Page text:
America Online's stock price dropped more than six points yesterday. In itself, this is of course hardly stop-the-presses news. In fact, given the volatility of Internet stocks, it's more like the proverbial dog-bites-man story. But the drop in AOL's price was noteworthy because it seems to have been provoked almost entirely by a negative item on the company that appeared in Barron's over the weekend.
The item was the centerpiece of the weekly column by Alan Abelson, as bearish a commentator on Wall Street as exists today and a man who bears a special enmity toward Internet stocks, all of which--as far as I can tell--he thinks are grossly overvalued. In essence, Abelson gave a short-seller with a significant short position in AOL--meaning that he's betting that the company's stock price will drop--the opportunity to blast the company and explain why AOL's future is so bleak.
Now, there's nothing wrong with quoting short-sellers on companies, even when they stand to make a great deal of money if their comments knock those companies' stock prices down. Short sellers are often founts of useful information, and a certain kind of institutionalized skepticism seems to make them adept at sniffing out fraud and deception, particularly in corporate accounting. Certainly the financial press is full of more than enough fund managers touting the stocks they love for there to be plenty of room for short-sellers attacking the stocks they hate.
What was striking about the attack on AOL, though, was just how obvious and devoid of new information it was. We were informed that AOL's subscriber growth was slowing, that the company was facing increased competition and that the advent of free Internet services, especially abroad, would hurt it. We were also told that AOL was already suffering, and would suffer more in the future, from price cuts on the part of its American competitors, and that soon the company would have to rescind the price hike it was able to push through last year.
The last point is, of course, pure speculation, and it rests on two fundamental misconceptions. The first is the idea that AOL is just like any other Internet service provider. It's not, because even though it's considerably more integrated with the Internet than ever before, its proprietary services--including above all its chat rooms--continue to attract and keep consumers. There's no evidence that AOL users are price-sensitive. The second misconception is the idea that Net users are willing to abandon their e-mail addresses to save a few bucks. This is just wrong. E-mail is the killer app of the Internet, and it is a true source of customer stickiness. It may be easier to change your e-mail address than your street address, but for a lot of us, we'd probably have to tell more people about the former than the latter.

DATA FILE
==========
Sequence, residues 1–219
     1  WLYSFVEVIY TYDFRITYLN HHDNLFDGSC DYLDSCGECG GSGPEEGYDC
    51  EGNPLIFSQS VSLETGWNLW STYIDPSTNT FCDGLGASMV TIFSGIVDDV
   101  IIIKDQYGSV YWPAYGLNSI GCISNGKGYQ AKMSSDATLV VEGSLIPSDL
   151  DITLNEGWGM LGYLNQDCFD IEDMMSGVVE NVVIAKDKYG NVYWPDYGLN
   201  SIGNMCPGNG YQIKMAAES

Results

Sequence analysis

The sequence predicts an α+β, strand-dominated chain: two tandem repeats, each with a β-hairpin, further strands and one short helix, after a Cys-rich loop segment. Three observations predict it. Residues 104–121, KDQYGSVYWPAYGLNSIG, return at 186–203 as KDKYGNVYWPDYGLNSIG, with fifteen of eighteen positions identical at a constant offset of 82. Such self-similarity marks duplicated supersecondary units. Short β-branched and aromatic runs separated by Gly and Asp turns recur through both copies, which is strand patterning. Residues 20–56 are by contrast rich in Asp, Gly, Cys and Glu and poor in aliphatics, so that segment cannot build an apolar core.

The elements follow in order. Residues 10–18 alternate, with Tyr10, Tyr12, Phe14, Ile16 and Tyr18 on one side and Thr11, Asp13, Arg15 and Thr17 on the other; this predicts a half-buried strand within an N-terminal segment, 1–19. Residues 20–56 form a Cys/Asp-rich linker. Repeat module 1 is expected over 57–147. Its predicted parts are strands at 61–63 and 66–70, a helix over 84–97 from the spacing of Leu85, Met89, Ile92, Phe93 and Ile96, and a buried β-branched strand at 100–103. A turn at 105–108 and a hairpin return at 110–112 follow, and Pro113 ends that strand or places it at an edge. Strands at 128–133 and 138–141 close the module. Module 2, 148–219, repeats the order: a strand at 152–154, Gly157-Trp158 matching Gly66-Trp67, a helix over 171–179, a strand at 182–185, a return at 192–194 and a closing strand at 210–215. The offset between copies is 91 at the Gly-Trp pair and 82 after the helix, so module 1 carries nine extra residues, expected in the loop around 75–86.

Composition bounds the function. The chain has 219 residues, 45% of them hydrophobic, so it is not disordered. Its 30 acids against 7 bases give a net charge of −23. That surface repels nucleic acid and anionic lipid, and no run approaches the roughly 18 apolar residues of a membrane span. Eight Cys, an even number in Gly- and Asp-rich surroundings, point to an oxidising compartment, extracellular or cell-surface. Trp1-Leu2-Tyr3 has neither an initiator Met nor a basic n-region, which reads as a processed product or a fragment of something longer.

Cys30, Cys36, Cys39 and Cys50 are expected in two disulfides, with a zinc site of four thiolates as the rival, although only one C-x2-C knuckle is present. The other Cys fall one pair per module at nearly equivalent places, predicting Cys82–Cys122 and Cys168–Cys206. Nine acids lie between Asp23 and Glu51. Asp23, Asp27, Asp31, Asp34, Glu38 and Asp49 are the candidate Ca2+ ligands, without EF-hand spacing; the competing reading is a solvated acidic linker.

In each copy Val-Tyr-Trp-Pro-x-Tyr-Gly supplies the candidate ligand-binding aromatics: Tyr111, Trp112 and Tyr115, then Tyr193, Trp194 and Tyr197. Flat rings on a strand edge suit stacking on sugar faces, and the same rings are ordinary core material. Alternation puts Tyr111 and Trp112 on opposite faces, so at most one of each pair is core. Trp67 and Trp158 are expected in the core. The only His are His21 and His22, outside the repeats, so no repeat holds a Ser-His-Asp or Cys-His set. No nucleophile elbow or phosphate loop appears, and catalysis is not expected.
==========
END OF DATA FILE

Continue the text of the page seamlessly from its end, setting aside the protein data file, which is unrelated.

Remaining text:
In any case, whether Abelson was right or wrong is not really as interesting as the fact that despite the familiarity of his critique, it was able to drive down AOL's stock price by almost 7 percent in a single day. No AOL investor who read that piece could have come away from it thinking, "Damn. I was just wrong about the business. I need to sell." In other words, there was no new information in the story that needed to be incorporated into the stock price.
Except, of course, that the existence of the story itself was information about AOL. It's not that what was in Abelson's column drove the stock down. The fact of Abelson's column hurt AOL, because investors assumed that the fact of Abelson's column would hurt AOL.
The real question is whether, in incorporating the reality of Abelson's column so quickly, the stock market was efficient or inefficient. Unfortunately, this is almost a metaphysical question. An efficient market is one that assimilates everything meaningful that can be known about a company into that company's stock price. In the long run, Abelson's critique of AOL is meaningless. But in the financial-news-saturated and twitchy market we live in, in the short run a piece blasting a stock is almost sure to move that stock, which would seem to make it meaningful. And so the snake ends up eating its own tail.
Illustration on Slate's Table of Contents by Mark Alan Stamaty.